The first item on this CD, the orchestral tone-poem Paa Vidderne, here referred to by its alternative title On the Mountains to avoid confusion with the melodrama of the same name, is, frankly, inferior Delius but nonetheless fascinating to hear, if only to follow Delius's development to maturity, especially alongside the markedly superior Over the Hills and Far Away of 1897. It was his first orchestral work to receive public performance, at Christiania (Oslo) in 1891, and it was heard again at Monte Carlo in 1894. The manuscript's dating of 1892 possibly suggests that changes were made after its first reading. It was then not heard again until Beecham put it in his second (1946) Delius Festival. At that time he also recorded the work, but his recording remained unissued until it was included in the second World Records Delius-Beecham boxed set (SHB54; CD reissue CDM 7 64054-2). The work's only other modern recording was for Marco Polo (8.220452, Slovak Philharmonic O, John Hopkins). The indefatigable Leslie Head conducted it at St. John's, Smith Square, in March 1974 (broadcast by Radio London in 1974 and rebroadcast in 1977). More recently, in December 1994, there was a BBC Radio 3 performance, with Barry Wordsworth conducting the BBC Concert Orchestra.

The seven Songs from the Norwegian were composed between 1889 and 1890 for voice and piano (six of the poems had in fact been previously set by Grieg). Here they are recorded for the first time in orchestral dress, two of the orchestrations being by Delius, two by Beecham, one by Sondheimer, and - to complete the set - two recently by Anthony Payne, a composer with strong sympathies for Delius as well as for Elgar, Bax, Bridge and others of that generation. Only four of the orchestral versions had been previously recorded, by Beecham and Fenby, who both used female singers. The soloist on this complete set is a tenor, thus necessitating a few transpositions, and Jan Lund gives a most expressive rendering of the songs, skilfully underlining the meaning of the text without mannerism or exaggeration. Just in one or two places does his voice sound a little strained. The opening bars of Hidden Love surely betray the orchestrator of Elgar's Third Symphony: with their serious tone they could almost have come from the slow movement - or does hindsight make one too wise ? And his treatment of The Minstrel is especially effective, too, with its use of harp and the magical horn note at the end, surely suggestive of the water-spirit of the poem.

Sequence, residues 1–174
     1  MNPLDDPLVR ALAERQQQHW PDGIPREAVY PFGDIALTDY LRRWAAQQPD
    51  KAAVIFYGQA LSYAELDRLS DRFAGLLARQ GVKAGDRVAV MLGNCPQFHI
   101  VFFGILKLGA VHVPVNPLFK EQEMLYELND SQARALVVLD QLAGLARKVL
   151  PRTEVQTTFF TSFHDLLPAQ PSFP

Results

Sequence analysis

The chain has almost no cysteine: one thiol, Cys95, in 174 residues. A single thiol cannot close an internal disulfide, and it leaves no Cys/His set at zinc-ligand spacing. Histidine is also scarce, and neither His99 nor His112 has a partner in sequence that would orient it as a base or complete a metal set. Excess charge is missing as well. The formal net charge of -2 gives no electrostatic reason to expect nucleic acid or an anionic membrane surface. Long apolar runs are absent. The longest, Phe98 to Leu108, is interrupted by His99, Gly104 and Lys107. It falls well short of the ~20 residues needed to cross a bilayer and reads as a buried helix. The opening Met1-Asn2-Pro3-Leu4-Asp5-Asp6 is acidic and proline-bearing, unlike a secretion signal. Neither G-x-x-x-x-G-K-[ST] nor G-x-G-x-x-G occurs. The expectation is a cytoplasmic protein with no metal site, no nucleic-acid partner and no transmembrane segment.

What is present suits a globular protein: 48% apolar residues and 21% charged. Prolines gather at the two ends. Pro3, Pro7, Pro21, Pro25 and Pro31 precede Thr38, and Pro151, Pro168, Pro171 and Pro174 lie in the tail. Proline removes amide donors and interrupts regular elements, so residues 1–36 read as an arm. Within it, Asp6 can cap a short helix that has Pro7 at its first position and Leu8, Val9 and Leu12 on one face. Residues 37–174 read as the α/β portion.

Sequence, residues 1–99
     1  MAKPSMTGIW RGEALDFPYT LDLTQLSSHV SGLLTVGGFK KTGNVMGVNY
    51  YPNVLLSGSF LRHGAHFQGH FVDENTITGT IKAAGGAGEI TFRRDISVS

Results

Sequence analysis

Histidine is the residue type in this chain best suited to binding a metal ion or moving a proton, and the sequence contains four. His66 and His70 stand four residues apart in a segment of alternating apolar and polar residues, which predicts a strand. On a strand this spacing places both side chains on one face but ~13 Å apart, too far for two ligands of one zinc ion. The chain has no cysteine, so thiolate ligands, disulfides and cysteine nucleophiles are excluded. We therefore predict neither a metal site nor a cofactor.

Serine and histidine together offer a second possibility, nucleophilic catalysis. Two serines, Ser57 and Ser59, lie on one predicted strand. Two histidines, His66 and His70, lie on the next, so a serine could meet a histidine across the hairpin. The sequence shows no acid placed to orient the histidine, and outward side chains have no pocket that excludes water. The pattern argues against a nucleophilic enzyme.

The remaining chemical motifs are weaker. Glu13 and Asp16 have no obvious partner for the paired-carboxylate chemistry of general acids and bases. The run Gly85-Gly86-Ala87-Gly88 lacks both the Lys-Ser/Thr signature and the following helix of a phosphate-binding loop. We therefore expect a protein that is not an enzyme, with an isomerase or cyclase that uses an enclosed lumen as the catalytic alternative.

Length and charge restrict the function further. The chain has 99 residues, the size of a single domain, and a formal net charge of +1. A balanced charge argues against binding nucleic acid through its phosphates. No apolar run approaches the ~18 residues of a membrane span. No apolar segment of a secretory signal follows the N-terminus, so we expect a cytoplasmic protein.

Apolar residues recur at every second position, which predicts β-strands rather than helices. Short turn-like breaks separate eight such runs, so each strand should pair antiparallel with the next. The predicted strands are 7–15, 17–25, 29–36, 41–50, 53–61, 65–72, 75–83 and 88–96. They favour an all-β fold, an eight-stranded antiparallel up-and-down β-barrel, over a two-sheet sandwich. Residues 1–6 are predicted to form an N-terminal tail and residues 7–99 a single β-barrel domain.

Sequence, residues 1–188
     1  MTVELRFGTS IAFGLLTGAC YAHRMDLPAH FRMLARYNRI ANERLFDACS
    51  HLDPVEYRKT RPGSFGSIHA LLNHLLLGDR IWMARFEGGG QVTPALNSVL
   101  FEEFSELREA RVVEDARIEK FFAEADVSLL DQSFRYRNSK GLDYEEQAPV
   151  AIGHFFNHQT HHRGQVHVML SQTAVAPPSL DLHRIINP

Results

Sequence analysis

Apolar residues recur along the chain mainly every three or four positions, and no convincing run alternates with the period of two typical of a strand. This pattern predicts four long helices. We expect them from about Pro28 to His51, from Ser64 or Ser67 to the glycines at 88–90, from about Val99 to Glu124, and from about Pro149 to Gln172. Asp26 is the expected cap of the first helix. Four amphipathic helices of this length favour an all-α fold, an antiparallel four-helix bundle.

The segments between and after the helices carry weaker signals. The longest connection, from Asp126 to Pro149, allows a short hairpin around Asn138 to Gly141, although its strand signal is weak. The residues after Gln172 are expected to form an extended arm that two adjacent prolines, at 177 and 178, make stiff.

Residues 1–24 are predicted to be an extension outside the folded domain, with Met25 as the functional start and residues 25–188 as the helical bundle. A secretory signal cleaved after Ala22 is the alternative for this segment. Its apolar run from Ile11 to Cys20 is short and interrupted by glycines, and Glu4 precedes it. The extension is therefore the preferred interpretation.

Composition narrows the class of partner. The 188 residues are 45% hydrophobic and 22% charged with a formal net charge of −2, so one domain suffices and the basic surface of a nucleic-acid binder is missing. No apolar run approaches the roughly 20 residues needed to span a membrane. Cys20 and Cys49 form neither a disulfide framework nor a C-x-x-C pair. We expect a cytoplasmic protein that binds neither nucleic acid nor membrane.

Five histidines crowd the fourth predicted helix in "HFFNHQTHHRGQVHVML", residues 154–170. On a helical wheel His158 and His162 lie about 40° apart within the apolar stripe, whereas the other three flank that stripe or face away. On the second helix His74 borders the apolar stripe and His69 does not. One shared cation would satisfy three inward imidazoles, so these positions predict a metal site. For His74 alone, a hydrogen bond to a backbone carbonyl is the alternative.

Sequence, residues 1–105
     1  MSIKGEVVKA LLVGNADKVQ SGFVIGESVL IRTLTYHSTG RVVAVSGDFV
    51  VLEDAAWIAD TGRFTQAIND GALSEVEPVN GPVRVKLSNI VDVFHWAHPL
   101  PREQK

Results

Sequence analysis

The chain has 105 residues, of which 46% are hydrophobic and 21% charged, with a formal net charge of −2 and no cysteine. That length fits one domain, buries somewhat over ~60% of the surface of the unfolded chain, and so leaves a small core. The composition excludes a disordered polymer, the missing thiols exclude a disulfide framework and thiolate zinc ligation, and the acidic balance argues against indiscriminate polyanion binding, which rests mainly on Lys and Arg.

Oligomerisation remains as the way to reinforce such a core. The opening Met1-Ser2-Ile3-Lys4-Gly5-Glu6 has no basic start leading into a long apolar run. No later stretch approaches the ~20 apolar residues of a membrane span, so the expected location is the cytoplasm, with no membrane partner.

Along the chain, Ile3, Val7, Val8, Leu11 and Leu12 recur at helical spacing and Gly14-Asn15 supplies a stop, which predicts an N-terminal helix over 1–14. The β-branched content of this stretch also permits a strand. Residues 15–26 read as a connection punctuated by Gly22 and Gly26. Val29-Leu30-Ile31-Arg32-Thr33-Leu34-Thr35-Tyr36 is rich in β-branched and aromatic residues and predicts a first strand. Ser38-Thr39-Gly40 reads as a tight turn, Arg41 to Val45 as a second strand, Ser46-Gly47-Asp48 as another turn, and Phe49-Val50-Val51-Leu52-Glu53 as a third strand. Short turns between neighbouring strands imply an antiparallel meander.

One other item that makes this CD essential to any Delian collection is Grieg's Norwegian Bridal Procession as orchestrated by Delius in December 1889. In his Grieg and Delius: A Chronicle of their Friendship in Letters (Marion Boyars, 1993), Lionel Carley suggests that this may have been intended as a Christmas gift to Grieg but it is not known whether the manuscript exchanged hands as Halvorsen's orchestration of 1903 is the one generally heard today. Without being able to make a side-by-side comparison of the two, Delius's seems a most effective orchestral realisation of what is now a familiar piece.

Douglas Bostock brings off convincing performances with the Royal Liverpool Philharmonic Orchestra, more especially so when rehearsal time is often short for unfamiliar repertoire. The recording lacks just a little in clarity and definition; the balance between voice and orchestra is not always ideal. But this does not detract from enjoying a most enterprising and important CD. I expect that there will be many listeners experiencing the thrill of the Norwegian heights through repeated hearings of Paa Vidderne.

Stephen Lloyd